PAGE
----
Born in Bad Gastein
in Austria, Gernot Wolfgang is one of that increasingly common
breed of contemporary musicians equally at home in a variety
of musical genres. He initially made a reputation as a jazz
guitarist, playing with the QuARTet in Europe and recording
a couple of well-received CDs in 1992 and 1995; his jazz compositions
have been recorded by significant musicians such as the tenor
player Harry Sokal, and guitarist Wolfgang Muthspiel (on a
recording with tenor player Bob Berg). Between 1990 and 93
Gernot Wolfgang taught Jazz Composition, Harmony and Ensemble
at the Hochschule für Musik and Darstellende Kunst in Graz
in Austria. He studied film scoring at Berklee College of
Music and the University of Southern California. He has since
worked on the music for a number of feature films and TV shows.
He lives in Los Angeles and continues to work in the Film
and TV industry as a composer and arranger.
In parallel, Wolfgang
has also written plenty of concert music – included work to
commissions by such bodies as the Los Angeles Chamber Orchestra
(Desert Wind, 2006) and the Tiroler Kammerorchester
InnStrumenti (Alpine Story, for string orchestra and
Here we have a
selection of recent chamber works. The CD on which they are
collected carries the subtitle “Groove-Oriented Chamber Music”.
Given Wolfgang’s own musical background, I think this subtitle
is somewhat misleading. In a brief booklet note, Wolfgang
a former jazz guitarist, rhythms are a top priority for me.
Specifically, rhythms (grooves) that can be found in 20th
century music styles such as jazz, rock and roll, pop, world
music, electronica etc … I have made it my mission to find
ways of organically incorporating grooves into orchestral
or chamber music settings, hence the subtitle of this CD.
That doesn’t mean that all of the music is based on grooves
all of the time, but grooves play important roles within the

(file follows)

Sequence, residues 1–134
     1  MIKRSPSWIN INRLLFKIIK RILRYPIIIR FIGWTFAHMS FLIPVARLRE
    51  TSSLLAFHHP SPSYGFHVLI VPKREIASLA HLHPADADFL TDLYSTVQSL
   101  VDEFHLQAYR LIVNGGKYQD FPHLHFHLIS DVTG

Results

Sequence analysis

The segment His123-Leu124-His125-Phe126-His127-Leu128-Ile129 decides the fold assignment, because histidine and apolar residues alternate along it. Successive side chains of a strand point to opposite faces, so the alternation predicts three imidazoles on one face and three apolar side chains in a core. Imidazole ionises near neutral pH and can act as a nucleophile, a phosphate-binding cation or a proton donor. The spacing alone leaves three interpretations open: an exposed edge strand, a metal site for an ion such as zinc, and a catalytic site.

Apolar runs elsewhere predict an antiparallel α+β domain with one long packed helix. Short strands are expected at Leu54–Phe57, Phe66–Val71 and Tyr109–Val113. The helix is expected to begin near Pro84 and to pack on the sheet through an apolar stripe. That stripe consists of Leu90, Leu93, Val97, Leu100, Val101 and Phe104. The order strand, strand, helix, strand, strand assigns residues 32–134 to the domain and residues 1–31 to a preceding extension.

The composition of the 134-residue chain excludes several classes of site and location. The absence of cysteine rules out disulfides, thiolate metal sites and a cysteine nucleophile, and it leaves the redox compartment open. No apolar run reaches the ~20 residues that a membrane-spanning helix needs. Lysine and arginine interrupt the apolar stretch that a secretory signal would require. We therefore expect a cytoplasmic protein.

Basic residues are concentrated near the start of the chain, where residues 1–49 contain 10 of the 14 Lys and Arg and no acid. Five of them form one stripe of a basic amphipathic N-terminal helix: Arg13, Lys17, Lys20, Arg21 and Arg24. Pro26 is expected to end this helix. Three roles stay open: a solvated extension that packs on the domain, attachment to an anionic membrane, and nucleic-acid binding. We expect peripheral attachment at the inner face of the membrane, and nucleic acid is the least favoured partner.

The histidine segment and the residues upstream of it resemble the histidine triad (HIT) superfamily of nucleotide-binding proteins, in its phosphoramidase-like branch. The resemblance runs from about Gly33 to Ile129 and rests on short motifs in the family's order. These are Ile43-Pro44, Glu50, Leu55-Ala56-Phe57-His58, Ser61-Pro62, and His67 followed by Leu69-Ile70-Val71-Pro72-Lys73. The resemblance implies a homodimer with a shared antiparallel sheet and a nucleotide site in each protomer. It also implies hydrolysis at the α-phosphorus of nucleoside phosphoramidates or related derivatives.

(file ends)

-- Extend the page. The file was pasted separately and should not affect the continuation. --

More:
individual pieces. My goal is to allow them to have an equal
standing among the other compositional devices already established
in contemporary concert music.”
an article called ‘The Power of Groove’, excerpts from which
are available on Gernot’s website (http://www.gernotwolfgang.com/),
the composer states his belief that “if we fully integrate
grooves into the concert music world, it will have the most
positive effects on all of us. The grooves, when written and
played right, will serve as points of reference to young audiences
and make it more attractive for them to listen to what we
do. On the way we will also have introduced an element for
our own enjoyment, adding lots of positive energy, excitement
and fun to our performances”.
the listener, young or old, who comes to this music with ideas
/ expectations about ‘grooves’ built up perhaps from the experience
of listening to, say, James Brown or the Black Eyed Peas,
or, for that matter, to Miles Davis or Tito Puente, would,
I suspect, give up pretty early on and leave disappointed.
The ‘grooves’ in this music are simply not compelling enough,
nor prominent enough, to satisfy tastes formed in such ways.
On the other hand, a reasonably open-minded listener familiar
with modern chamber music and approaching from that direction,
as it were, is likely to find a great deal to enjoy here.
music is inventive and lively. Metamorphosis